Whenever fans hear about reboots and remakes, most of the responses can be negative. The best reboots 2010s, however, have surprisingly turned several fans into believers. Many of the individuals behind these retellings understand there's a history with the property. Instead of seeing it as a quick buck, they pay homage to what made the original great while adding their own flair.
For fans, it's all about grasping what made the original product great while still enjoying its upgrades. Many remakes, including The Departed and The Birdcage, find themselves on the same level as the originals. Fortunately, these best remakes 2010s managed to captivate audiences in the theaters and on television.
Bringing the Stephen King classic It to the big screen was a tall task. Folks who enjoyed the beloved '90s TV adaptation were just as satiated with Andy Muschietti's version though.
As expected, the biggest difference between the film and TV miniseries is the appearance of Pennywise. As envisioned by costume designer Janie Bryant, the title character has an iconically menacing appearance. “The costume definitely incorporates all these otherworldly past lives, if you will,” Bryant told Entertainment Weekly.
In 2013, horror classic Evil Dead recieved a fresh reboot thanks to director Fede Álvarez. In Ash Williams' place is former substance user Mia Allen, who is played by Jane Levy. Despite the change of characters, Mia appreciates the chainsaw as much as Ash.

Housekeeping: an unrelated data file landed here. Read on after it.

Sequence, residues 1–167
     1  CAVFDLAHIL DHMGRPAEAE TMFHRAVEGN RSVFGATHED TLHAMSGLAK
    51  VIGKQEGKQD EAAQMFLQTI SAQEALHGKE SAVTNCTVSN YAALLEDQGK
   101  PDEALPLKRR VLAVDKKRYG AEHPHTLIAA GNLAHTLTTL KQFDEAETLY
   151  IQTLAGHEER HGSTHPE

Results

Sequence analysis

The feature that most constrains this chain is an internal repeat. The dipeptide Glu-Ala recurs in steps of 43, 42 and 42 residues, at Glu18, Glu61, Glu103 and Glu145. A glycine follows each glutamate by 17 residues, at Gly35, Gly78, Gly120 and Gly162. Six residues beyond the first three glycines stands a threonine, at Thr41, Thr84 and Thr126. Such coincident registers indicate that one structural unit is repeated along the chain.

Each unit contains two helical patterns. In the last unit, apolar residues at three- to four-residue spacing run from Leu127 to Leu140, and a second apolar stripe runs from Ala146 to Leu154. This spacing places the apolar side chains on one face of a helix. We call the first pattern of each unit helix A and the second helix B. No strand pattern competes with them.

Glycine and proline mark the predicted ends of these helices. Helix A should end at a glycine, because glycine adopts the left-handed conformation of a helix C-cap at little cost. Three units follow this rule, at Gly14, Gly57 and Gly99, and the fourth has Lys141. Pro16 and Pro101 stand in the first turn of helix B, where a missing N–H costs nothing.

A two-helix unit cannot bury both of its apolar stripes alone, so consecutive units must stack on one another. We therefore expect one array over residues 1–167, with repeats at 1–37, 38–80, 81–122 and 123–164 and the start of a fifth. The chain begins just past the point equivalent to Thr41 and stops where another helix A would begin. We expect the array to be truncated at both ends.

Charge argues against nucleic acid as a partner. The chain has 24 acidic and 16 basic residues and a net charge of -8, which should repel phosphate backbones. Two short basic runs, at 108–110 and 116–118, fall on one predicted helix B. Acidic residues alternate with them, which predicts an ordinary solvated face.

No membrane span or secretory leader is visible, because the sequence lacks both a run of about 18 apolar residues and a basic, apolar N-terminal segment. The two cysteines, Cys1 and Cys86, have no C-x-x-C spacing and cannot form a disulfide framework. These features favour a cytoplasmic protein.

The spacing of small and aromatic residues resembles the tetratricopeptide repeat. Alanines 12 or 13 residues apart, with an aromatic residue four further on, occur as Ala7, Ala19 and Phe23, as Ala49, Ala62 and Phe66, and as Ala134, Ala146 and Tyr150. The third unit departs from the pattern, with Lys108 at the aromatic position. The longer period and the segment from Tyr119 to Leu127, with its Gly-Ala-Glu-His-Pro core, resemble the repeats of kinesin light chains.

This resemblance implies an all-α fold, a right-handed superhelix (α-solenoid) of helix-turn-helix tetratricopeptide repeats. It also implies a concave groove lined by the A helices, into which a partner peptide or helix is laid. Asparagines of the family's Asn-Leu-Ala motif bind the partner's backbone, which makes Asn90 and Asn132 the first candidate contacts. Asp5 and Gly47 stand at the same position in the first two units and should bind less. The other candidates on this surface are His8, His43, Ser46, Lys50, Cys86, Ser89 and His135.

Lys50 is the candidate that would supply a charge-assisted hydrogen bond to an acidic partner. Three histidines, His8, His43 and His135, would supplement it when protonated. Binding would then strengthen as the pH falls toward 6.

Longtime fans of the franchise embraced the new change in direction. "This is going to be just as memorable as [the original] Evil Dead without being the same movie," actor Bruce Campbell told Digital Spy .
Disney's live-action remake of Beauty and the Beast was 2017's second-highest-grossing film with $1.2 billion earned. The ensemble cast, which features Emma Watson and Dan Stevens, gained unanimous praise from their majestic performances.
One major change in the live-action version is Gaston's sidekick LeFou being gay. This led to a theater in Alabama refusing to screen the movie. The live-action film also introduces Belle's mother and a new character named Maestro Cadenza. While the Beast couldn't sing in the animated film, he belts out a new ballad titled "Evermore."
Les Miserables has been adapted numerous times since the novel's publication in 1862. In 2012, a film of the beloved 1980 musical version had moviegoers singing while leaving the theaters, and earned Anne Hathaway an Oscar for Best Supporting Actress.
There are a number of alterations from the stage version: the film features edited versions of some songs and omits Thénardier's musical number "Dog Eats Dog." The film also throws in a new song titled "Suddenly," which earned an Oscar nomination for Best Original Song.